Chi is actually air, and meridians are actually blood vessels (the charts which show meridians which have nothing to do with blood vessels are another western addition). The Chinese knew about the circulation of the blood 2000 years ago.
Modern research has demonstrated that neurovascular nodes (acupuncture points) contain a high concentration of sensory fibers, fine blood vessels, fine lymphatic vessels, and mast cells. These nodes are distributed along longitudinal pathways of the body where the collateral blood vessels supply the capillaries and fine vessels. The corneum stratum of the skin in these areas is slightly thinner with a lower electrical resistance. They also contain more sensory nerves, and have more fine vessels with sequestered mast cells than non nodes.
Ancient Chinese physicians recognized that neurovascular nodes (acupuncture points) on the surface of the body could reflect disease conditions in the internal organs, and that these same nodes could be stimulated to relieve pain and treat internal organ problems.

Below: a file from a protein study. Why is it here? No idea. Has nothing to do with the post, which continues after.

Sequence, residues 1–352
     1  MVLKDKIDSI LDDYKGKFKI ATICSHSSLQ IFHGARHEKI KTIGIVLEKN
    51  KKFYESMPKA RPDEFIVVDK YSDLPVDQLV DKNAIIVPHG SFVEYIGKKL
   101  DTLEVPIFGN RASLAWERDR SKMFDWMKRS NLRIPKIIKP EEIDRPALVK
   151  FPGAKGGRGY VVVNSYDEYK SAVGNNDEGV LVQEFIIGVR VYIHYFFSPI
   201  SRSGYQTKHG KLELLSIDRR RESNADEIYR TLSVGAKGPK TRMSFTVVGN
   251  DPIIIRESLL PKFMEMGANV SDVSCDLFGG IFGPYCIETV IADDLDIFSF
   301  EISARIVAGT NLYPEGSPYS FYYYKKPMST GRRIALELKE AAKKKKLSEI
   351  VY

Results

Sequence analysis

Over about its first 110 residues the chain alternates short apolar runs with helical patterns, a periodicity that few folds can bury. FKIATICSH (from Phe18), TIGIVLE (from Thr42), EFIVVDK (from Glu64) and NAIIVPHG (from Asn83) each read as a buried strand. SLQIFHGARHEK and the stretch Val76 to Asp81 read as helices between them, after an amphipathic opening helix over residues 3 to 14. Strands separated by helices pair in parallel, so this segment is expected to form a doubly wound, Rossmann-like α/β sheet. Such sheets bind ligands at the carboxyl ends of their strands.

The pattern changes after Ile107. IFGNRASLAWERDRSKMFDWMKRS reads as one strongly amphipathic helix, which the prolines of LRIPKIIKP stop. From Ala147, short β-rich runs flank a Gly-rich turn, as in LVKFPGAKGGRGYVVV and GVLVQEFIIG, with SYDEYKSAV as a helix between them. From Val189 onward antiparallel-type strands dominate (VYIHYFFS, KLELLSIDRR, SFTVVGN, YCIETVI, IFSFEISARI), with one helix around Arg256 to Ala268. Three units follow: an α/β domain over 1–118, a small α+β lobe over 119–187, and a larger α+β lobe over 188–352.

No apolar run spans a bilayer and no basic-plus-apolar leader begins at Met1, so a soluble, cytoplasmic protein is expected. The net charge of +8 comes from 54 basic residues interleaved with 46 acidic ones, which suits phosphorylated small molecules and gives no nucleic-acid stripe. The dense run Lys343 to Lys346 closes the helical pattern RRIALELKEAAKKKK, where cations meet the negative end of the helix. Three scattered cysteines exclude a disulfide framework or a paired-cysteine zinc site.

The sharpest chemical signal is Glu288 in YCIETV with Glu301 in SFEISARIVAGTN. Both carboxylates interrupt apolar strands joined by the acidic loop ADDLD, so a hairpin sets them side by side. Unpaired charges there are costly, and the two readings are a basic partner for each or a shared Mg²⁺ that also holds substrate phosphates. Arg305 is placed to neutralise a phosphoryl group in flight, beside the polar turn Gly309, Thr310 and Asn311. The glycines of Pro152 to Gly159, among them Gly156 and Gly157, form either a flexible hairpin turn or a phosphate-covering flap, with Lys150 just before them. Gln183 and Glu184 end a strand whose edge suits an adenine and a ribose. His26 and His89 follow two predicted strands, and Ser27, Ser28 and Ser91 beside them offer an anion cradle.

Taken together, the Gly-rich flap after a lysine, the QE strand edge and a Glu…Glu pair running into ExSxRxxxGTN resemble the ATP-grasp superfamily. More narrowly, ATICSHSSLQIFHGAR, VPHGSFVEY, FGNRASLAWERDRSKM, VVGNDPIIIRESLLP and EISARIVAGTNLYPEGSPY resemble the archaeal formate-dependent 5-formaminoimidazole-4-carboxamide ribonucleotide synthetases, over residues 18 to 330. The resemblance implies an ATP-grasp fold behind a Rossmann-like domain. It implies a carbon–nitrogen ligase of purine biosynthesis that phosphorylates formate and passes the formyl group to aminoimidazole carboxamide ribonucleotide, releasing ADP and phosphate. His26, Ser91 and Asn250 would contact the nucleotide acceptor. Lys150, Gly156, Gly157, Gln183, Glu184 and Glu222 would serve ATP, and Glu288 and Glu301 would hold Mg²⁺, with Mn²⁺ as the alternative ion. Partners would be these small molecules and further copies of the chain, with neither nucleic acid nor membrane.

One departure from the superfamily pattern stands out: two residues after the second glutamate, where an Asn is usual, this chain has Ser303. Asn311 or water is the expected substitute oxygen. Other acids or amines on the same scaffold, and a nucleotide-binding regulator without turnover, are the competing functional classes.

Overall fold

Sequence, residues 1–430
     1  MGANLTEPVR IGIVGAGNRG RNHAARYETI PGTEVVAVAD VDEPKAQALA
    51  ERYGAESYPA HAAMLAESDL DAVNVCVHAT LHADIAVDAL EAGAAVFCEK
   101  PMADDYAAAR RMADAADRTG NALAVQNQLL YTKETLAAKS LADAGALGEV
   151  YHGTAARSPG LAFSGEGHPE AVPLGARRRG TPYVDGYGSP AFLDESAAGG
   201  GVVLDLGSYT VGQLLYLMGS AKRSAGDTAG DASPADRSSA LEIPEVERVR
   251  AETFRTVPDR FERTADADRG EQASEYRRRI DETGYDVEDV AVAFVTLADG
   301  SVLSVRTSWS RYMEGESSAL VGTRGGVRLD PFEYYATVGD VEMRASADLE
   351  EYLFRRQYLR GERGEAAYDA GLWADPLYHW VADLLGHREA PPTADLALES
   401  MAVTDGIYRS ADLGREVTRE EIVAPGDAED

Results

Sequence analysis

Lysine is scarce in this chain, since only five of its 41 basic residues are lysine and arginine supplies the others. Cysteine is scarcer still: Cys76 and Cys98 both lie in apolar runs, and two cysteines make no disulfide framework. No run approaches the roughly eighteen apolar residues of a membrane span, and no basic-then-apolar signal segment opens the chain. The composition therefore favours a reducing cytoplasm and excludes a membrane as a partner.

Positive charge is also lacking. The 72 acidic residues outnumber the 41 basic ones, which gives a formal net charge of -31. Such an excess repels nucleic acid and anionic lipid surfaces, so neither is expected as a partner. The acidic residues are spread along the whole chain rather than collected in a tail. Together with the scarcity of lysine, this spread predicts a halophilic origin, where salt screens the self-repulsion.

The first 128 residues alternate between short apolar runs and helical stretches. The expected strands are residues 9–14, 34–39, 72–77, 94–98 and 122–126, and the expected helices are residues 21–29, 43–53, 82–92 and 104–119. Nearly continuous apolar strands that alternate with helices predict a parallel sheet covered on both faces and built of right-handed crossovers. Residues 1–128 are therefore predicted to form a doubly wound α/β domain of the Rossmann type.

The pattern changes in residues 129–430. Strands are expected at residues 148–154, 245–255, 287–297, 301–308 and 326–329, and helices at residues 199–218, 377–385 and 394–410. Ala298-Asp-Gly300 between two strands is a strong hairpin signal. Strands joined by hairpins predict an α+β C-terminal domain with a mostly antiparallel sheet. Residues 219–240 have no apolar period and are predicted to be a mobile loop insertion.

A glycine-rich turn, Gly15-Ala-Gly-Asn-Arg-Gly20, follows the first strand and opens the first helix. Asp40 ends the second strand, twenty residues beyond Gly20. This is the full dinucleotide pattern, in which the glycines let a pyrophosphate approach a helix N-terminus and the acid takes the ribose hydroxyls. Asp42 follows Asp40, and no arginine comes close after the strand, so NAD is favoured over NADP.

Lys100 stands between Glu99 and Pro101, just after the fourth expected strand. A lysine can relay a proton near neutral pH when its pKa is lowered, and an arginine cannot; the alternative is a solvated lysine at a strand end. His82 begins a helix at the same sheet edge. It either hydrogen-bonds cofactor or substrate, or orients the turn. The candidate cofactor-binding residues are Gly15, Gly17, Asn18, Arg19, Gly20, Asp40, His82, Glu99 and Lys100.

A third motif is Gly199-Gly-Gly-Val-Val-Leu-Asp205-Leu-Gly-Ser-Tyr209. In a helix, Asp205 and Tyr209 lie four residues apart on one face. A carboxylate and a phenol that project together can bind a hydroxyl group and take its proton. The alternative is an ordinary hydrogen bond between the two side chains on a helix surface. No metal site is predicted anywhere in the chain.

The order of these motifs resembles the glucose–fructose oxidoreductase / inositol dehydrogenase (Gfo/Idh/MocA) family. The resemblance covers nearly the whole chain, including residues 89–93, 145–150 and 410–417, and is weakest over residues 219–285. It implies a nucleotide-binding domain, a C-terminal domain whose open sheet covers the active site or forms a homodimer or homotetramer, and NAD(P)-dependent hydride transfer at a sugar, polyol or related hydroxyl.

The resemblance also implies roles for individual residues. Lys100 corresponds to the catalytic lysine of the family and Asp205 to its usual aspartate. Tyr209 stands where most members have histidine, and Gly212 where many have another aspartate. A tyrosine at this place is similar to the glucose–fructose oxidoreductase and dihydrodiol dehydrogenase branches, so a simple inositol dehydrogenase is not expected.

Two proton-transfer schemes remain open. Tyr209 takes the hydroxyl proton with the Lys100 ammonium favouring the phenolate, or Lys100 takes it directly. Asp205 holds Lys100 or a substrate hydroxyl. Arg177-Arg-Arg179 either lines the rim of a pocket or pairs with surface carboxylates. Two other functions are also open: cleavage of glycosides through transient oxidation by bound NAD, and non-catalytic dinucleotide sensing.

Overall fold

From the comments:
After the book [The Dao of Chinese Medicine] was published, Kendall was invited to China to give a presentation on the mistranslations of Soulie de Morant at the Shanghai medical school. After the presentation, at the tea party hosted in Kendall’s honor, some old, renowned Chinese physicians approached Kendall. They thanked him for his presentation, and told him that they were already aware of the mistranslations and their implications. Kendall asked them why they hadn’t told us in the west. Their reply was, “If westerners are naive enough to think that acupuncture works by moving magic energy in imaginary meridians, then what can we do for you?” (Robert Doane, 2010).
There's an extensive discussion of possible placebo effects in the comments.
Link thanks to Seth Roberts